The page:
Film Screening: A Sorry State with Mitch Miyagawa

Meet the most apologized-to family in the country—maybe even the world

Lethbridge – With three Canadian government apologies to his parents and stepparents for past racist actions, filmmaker Mitch Miyagawa has the most apologized-to family in the country—maybe even the world. But what do they mean, to his parents, his young children and to his country? Miyagawa’s 2012 documentary, A Sorry State, chronicles his life-changing journey of discovery. He will be at the Galt Museum & Archives on Thursday, November 14 for a screening of the film beginning at 7:00 pm, followed by a Q&A.

2013 marks the 25th Anniversary of Japanese-Canadian Redress: in 1988, Mitch Miyagawa’s Japanese-Canadian family received an apology from Prime Minister Brian Mulroney for the internment of Japanese Canadians during WWII. Miyagawa’s stepmother Etheline was a young victim of residential schools for Aboriginal children. His stepfather, Harvey, is the son of Chinese immigrants who were burdened with a racist head tax. Both also received official apologies from the Canadian government.

Motivated by a desire to pass down the family story to his young children, Miyagawa travels across Canada and revisits those painful pasts—from old residential schools to the fields of southern Alberta. He sees how his parents, stepparents and others have each chosen different paths: to ignore, to forgive, or to remain bitter. Along the way, he discovers a worldwide wave of official government apologies, and delves into Canada’s latest attempts at reconciliation for other past wrongs.

A wry, honest and emotionally powerful film, A Sorry State (2012, 47 min)investigates how we deal with past government-perpetrated trauma, explores our sense of nationhood and identity and witnesses the different ways we pass this dark legacy down to future generations.

Admission to this special program is free, and made possible by the Nikkei Cultural Society of Lethbridge and Area, as well as the National Association of Japanese Canadians [NAJC]. The NAJC successfully negotiated the historic Redress Settlement on behalf of all Japanese Canadians who suffered injustices at the hands of their own government during and after World War II when they were dispossessed, forcibly relocated and interned.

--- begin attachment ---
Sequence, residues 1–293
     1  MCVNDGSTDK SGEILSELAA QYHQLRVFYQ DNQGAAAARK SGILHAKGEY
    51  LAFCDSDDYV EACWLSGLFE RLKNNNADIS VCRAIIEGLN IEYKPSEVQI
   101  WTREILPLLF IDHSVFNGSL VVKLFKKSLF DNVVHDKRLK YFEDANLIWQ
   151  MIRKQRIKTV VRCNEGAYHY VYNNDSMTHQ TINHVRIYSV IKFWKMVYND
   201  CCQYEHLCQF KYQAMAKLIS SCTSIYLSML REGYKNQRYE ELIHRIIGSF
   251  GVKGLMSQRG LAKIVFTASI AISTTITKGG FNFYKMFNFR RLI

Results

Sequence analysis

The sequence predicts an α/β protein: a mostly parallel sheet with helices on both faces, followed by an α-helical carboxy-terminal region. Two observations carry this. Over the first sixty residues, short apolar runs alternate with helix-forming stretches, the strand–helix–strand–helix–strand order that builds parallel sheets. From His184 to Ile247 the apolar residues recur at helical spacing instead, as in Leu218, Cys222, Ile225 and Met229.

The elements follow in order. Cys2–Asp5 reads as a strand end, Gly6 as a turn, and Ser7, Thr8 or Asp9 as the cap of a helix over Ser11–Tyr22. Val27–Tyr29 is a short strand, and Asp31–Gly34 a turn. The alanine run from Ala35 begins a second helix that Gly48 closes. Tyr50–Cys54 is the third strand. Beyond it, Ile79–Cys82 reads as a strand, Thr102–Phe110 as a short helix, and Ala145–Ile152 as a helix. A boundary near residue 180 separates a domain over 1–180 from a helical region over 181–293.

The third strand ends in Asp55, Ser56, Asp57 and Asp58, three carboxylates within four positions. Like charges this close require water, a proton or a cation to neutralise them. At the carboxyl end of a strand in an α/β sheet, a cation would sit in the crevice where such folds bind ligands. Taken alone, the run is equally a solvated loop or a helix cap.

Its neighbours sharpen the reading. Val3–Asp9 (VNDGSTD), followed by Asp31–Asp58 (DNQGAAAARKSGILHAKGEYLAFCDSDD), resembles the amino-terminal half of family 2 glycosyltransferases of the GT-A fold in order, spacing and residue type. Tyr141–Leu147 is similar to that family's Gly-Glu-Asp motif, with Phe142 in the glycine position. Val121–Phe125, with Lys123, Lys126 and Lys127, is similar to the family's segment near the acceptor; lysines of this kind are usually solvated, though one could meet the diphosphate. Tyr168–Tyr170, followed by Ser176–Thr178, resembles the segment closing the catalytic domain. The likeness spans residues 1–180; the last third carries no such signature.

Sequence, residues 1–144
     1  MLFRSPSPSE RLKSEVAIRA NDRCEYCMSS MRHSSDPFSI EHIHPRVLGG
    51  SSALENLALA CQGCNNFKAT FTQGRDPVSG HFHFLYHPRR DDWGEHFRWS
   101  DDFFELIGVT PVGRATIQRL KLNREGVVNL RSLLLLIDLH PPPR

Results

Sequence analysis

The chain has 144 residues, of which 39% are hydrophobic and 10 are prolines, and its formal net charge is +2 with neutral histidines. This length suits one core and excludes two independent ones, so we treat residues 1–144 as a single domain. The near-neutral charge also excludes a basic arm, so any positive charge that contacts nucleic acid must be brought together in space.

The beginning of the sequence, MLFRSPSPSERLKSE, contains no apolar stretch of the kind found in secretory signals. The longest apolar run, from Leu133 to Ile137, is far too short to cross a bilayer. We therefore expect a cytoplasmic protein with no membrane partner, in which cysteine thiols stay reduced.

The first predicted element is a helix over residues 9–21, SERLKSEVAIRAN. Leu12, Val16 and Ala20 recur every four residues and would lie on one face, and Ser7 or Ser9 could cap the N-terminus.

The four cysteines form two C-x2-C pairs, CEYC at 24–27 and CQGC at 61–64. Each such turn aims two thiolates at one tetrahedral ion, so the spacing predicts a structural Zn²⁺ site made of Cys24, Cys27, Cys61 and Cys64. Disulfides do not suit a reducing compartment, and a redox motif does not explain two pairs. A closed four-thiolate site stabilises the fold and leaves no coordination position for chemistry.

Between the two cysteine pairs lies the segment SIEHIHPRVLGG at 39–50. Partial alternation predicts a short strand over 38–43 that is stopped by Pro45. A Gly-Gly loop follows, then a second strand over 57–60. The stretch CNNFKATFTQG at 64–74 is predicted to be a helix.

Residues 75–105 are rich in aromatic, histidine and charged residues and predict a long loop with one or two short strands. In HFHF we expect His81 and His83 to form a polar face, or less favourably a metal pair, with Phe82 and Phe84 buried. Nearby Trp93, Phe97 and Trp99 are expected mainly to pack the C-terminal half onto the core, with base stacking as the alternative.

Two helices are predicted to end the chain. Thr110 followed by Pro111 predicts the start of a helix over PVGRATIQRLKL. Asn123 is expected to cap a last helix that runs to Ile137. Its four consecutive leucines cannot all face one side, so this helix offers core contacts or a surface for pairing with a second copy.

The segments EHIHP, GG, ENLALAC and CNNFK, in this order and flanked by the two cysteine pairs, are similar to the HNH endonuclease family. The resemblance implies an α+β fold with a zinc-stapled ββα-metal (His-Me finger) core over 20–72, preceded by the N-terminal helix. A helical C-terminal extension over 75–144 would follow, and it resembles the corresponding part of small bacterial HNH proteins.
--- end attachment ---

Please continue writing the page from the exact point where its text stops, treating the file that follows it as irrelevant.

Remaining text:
The Archives, Discovery Hall and Museum Store are open Thursdays from 10:00 am to 9:00 pm, with a cash bar open from 5:00 – 8:00 pm. For details on these and other programs and exhibits visit www.galtmuseum.com, call 403.320-3954, or email info@galtmuseum.com

BACKGROUNDER

Mitch Miyagawa.   Photo by Ian Stewart.

Mitch Miyagawa.

Photo by Ian Stewart.

Mitch Miyagawa is the director/writer/co-producer of A Sorry State, a one-hour documentary for TVO. He was the winner of the Canadian Screenwriting Award for Documentary in 2013. He previously directed and produced several short documentaries and dramas for NFB and Bravo, and co-wrote a feature script with Force Four Films.

Miyagawa has won Western and National Magazine Awards for his non-fiction work, for cover stories in Walrus and Geist magazines. His essay for Walrus, “A Sorry State”, was anthologized in the Aboriginal Healing Foundation‘s Truth and Reconciliation series. It was also part of Speaking My Truth: Reflections on Reconciliation and Residential School, a book club edition selected by Shelagh Rogers. Miyagawa was a finalist for the CBC Literary Awards in non-fiction in 2011. He has also written extensively about his former home in the Yukon in North of Ordinary and Up Here magazines.

As a playwright, his play The Plum Tree was widely produced in Canadian theatres, including ATP’s playRites Festival. The Plum Tree was published in 2004 by Playwrights Canada Press, and recently appeared in the anthology Love and RelAsianships. Miyagawa’s latest play, Carnaval, was produced in 2007 by Gwaandak Theatre Adventures and Nakai Theatre, and was published in the journal Ryga in 2012.

Mitch Miyagawa recently moved to Gabriola Island with his wife Angela, and their two sons, Tomio and Sam.

Excerpt from "A Sorry State", Walrus Magazine, December 2009

By Mitch Miyagawa

(Winner, Honourable Mention, National Magazine Awards)

“I was aware that my family had become a “multi-culti” case study, but after realizing the government had apologized to my family three times, it went from a funny coincidence to a kind of joke (Q: How does a Canadian say hello? A: ‘I’m sorry.’) But then I started wondering what these apologies really meant, and whether they actually did any good. In seeking answers, I’ve mostly found more questions. I’ve become both a cynic and a believer. In other words: I’m more confused than ever before. I’m no apology expert or prophet. I’m so sorry. All I can offer is this: my apology memoir.” 

The National Association of Japanese Canadians [NAJC]

The NAJC successfully negotiated the historic 1988 Redress Settlement on behalf of all Japanese Canadians who suffered injustices at the hands of their own government during and after World War II when they were dispossessed, forcibly relocated and interned. 25 years ago, on September 22, 1988, Prime Minister Brian Mulroney and NAJC President Art Miki signed the redress agreement acknowledging the wrongs committed against Japanese Canadians. WEBSITE: http://www.najc.ca/

The Nikkei Cultural Society of Lethbridge and Area

The Nikkei Cultural Society of Lethbridge and Area is a non-profit organization whose interests include preserving the history of Japanese settlement in southern Alberta, as well as exploring aspects of traditional Japanese arts, crafts and culture.WEBSITE: http://nikkeiculturalsociety.wordpress.com/

Anine VonkemanComment